Fig. 3
Fig. 3

6 y/o female CF-patient, FEV1 predicted 105%. Thin-section HR-reconstruction from MDCT (effective dose of 1 mSv). Mild bronchiectasis, bronchial wall thickening (arrows) and mosaic attenuation (asterisk) are visible

Fig. 4
Fig. 4

29 y/o male CF-patient, FEV1 predicted 67%. Left side CT, right side MRI at the same day. Upper row, transverse thin-section images from 3D acquisition in breath hold (CT and MRI). Note, despite lower resolution and signal to noise a similar depiction of bronchiectasis is possible. Lower row, expiration images (transverse CT and saggital MRI). In both modalities focal air trapping within the same lung region is demonstrated (arrow heads)

Fig. 5
Fig. 5

Perfusion map of same patient as in fig. 4 using the noninvasive arterial-spin-labeling technique without contrast media application. The relevant perfusion differences between upper and lower lung regions correlate with morphological damage and air trapping

Clinical value

Standardized reporting of cross-sectional imaging by scoring systems is suitable for several reasons: (a) to assess and to quantify individual progression of lung damage in comparison or complementary to lung function testing, (b) to use total or partial score values as endpoints for interventional studies, and (c) to establish predictive imaging biomarkers. Most CT scoring systems use a semiquantitative scale for the extent and severity of specific findings either based on lobe, involved bronchopulmonary segments, or using an overlay grid [128, 129, 150]. According to the disease-specific prevalence from the imaging abnormalities, sub-scores for bronchiectasis and bronchial wall thickening are more heavily weighted (1, 2). Inter-observer and intra-observer agreement of the common CT scores has shown to be good to excellent [128, 129]. Comparable reproducibility has also been found for MRI using CT or MR-specific adapted scoring systems in small numbers of studies [144, 148]. For semiautomatic evaluation of bronchi dimension excellent inter-observer agreement has been found particularly for the bronchial lumen [151]. On the other hand, mucus can obscure or mimic bronchial wall thickening. Apart from reproducibility, the weighting of abnormalities within the scores, and validation are even more challenging and related to the purpose and the use of score (e.g. interventional or clinical study). As aforementioned imaging is more sensitive than FEV1 particularly in mild disease, and, in assessment of disease progression [128, 136, 137, 152]. In this context scoring of bronchiectasis particularly in the lung periphery is important [137], whereas air trapping, mosaic perfusion, and mucus plugging seem to be more sensitive markers than CT or MRI which detect effects of interventions [153, 154]. The role of bronchiectasis as a robust predictive marker has been shown in several longitudinal observations [150, 155159]. The extent of bronchiectasis at baseline can predict the number of respiratory tract exacerbations (RTE) [155158], and the change of the subscore in a two year follow up is strongly associated with numbers of RTEs where FEV1 did not provide value [156]. This has been similarly described for a decade long observational study [158]. In an older study, a maximum combined score for bronchiectasis and emphysema on HRCT was indicative of a poorer prognosis [159]. In a recent study of patients with severe lung disease awaiting lung transplantation, the combined score of bronchiectasis, bronchial wall thickening, mucus, and consolidation was associated with mortality [150].

Conclusions

Bronchiectasis is a heterogeneous and complex condition and remains a challenge for both diagnostic and therapeutic strategies. While pathomechanisms in the pulmonary compartment share commonalities from a microbiological and immunological perspective, clinical implications and treatment approaches remain challenging and individualized, depending on the underlying disease and the infection status. High-resolution imaging has revolutionized the diagnosis and monitoring of bronchiectasis and will further pave the way for a more precise understanding of disease pathogenesis and treatment response in the future. Therapeutically, lessons learned from the well-known phenotype of CF bronchiectasis are increasingly transferred to the multifaceted genotype and phenotype of non-CF bronchiectasis. Airway infections are treated with inhaled and systemic antibiotics. Mucus clearance can be improved by inhaled therapies and chest physiotherapy, whereas specific anti-inflammatory approaches have still not been clinically established. Prospective future studies are urgently needed to optimize the diagnostic and therapeutic management of bronchiectasis, particularly in children with non-CF bronchiectasis, an indication with a high unmet medical need.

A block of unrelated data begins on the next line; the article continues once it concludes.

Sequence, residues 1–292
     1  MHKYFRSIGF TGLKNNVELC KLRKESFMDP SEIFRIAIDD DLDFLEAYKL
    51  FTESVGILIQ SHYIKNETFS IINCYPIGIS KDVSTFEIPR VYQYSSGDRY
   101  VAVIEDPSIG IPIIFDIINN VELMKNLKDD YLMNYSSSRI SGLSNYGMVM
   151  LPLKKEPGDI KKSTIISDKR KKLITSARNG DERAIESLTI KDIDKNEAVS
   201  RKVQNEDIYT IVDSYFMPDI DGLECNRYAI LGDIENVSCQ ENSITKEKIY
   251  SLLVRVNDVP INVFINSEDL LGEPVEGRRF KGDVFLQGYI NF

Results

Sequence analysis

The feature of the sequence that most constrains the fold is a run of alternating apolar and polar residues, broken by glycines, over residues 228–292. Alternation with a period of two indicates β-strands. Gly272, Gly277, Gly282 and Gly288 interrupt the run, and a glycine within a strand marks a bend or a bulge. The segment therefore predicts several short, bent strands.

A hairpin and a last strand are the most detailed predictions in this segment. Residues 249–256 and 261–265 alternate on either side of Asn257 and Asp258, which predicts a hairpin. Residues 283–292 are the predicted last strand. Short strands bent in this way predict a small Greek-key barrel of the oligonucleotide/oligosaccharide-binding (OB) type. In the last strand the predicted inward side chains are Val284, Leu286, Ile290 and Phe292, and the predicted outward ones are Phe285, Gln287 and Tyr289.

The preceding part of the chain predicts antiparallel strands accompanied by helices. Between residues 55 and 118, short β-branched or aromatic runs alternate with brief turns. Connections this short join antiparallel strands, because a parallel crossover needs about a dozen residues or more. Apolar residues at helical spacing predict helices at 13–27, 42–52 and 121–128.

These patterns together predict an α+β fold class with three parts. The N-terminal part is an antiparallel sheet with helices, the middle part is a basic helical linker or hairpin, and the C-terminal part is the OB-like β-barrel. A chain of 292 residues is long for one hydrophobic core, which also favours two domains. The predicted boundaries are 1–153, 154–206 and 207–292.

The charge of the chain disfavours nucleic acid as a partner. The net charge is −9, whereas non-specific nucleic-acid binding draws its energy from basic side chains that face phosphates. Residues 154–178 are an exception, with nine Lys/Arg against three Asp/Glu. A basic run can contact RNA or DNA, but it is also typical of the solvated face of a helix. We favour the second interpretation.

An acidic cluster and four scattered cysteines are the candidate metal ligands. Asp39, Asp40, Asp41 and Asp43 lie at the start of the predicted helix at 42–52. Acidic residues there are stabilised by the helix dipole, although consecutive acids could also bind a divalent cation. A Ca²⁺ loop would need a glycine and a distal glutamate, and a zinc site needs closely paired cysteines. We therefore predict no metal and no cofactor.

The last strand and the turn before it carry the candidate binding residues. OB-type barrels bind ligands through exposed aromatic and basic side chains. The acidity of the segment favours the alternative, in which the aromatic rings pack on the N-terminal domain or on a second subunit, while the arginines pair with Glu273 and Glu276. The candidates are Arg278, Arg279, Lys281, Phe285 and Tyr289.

Abbreviations

ABPA: 

Allergic bronchopulmonary aspergillosis

CF: 

Cystic fibrosis

COPD: 

Chronic obstructive pulmonary disease

CSLD: 

Chronic suppurative lung disease

ECP: 

Eosinophil cationic protein

FEV1: 

Forced expiratory volume in 1 s

HNPs: 

Human neutrophil peptides

HRCT: 

High-resolution computed tomography

IL-8: 

Interleukin-8

LCI: 

Lung clearance index

LTB4: 

Leukotriene-B4

MAC: 

Mycobacterium avium complex

NE: 

Neutrophil elastase

PBB: 

Protracted bacterial bronchitis

PCD: 

Primary ciliary dyskinesia

PFT: 

Pulmonary function tests

PI: 

Pancreas insufficiency

ROS: 

Reactive oxygen species

Declarations

Funding

This research has been supported by the Singapore Ministry of Health’s National Medical Research Council under its Transition Award (NMRC/TA/0048/2016) (S.H.C). The funding had no impact on the writing of the manuscript.

Authors’ contributions

JS wrote large parts of the manuscript and created most of the Figs. 2 3 4 and 5. MG, RC and SC wrote major parts of the manuscript and created Fig. 1. DH supervised the whole process and wrote major parts of the manuscript. All authors read and approved the final manuscript.

Ethics approval and consent to participate

Not applicable.

Consent for publication

Consent for publication has been obtained from all persons for the included images.

Competing interests

Sanjay Chotirmall is a member of the editorial board (Section Editor). Dominik Hartl has an affiliation with University of Tübingen and Roche Basel (I3-DTA, pRED). All other authors declare that they have no competing interests.

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Authors’ Affiliations

(1)
Department of Radiology, Division of Pediatric Radiology, University of Tübingen, Tübingen, Germany
(2)
Children’s Hospital, University of Munich, Munich, Germany
(3)
Lee Kong Chian School of Medicine, Nanyang Technological University, Singapore, Singapore
(4)
Department of Pediatrics I, University of Tübingen, Tübingen, Germany
(5)
Roche Pharma Research & Early Development (pRED), Immunology, Inflammation and Infectious Diseases (I3) Discovery and Translational Area, Roche Innovation Center, Basel, Switzerland